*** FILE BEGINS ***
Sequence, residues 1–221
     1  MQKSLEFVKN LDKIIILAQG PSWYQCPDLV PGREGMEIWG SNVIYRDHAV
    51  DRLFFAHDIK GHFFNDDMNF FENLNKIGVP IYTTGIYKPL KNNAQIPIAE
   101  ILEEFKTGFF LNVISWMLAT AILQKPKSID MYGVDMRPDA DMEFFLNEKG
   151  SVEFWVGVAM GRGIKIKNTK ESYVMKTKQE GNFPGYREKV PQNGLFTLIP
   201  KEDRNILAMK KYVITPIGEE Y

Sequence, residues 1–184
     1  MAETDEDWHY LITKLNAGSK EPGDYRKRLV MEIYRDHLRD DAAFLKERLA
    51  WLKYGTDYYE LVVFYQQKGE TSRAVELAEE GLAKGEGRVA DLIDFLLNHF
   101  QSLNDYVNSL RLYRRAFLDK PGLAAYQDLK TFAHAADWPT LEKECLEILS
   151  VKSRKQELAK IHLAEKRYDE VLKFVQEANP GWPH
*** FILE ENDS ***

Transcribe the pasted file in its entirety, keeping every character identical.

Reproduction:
Sequence, residues 1–221
     1  MQKSLEFVKN LDKIIILAQG PSWYQCPDLV PGREGMEIWG SNVIYRDHAV
    51  DRLFFAHDIK GHFFNDDMNF FENLNKIGVP IYTTGIYKPL KNNAQIPIAE
   101  ILEEFKTGFF LNVISWMLAT AILQKPKSID MYGVDMRPDA DMEFFLNEKG
   151  SVEFWVGVAM GRGIKIKNTK ESYVMKTKQE GNFPGYREKV PQNGLFTLIP
   201  KEDRNILAMK KYVITPIGEE Y

Sequence, residues 1–184
     1  MAETDEDWHY LITKLNAGSK EPGDYRKRLV MEIYRDHLRD DAAFLKERLA
    51  WLKYGTDYYE LVVFYQQKGE TSRAVELAEE GLAKGEGRVA DLIDFLLNHF
   101  QSLNDYVNSL RLYRRAFLDK PGLAAYQDLK TFAHAADWPT LEKECLEILS
   151  VKSRKQELAK IHLAEKRYDE VLKFVQEANP GWPH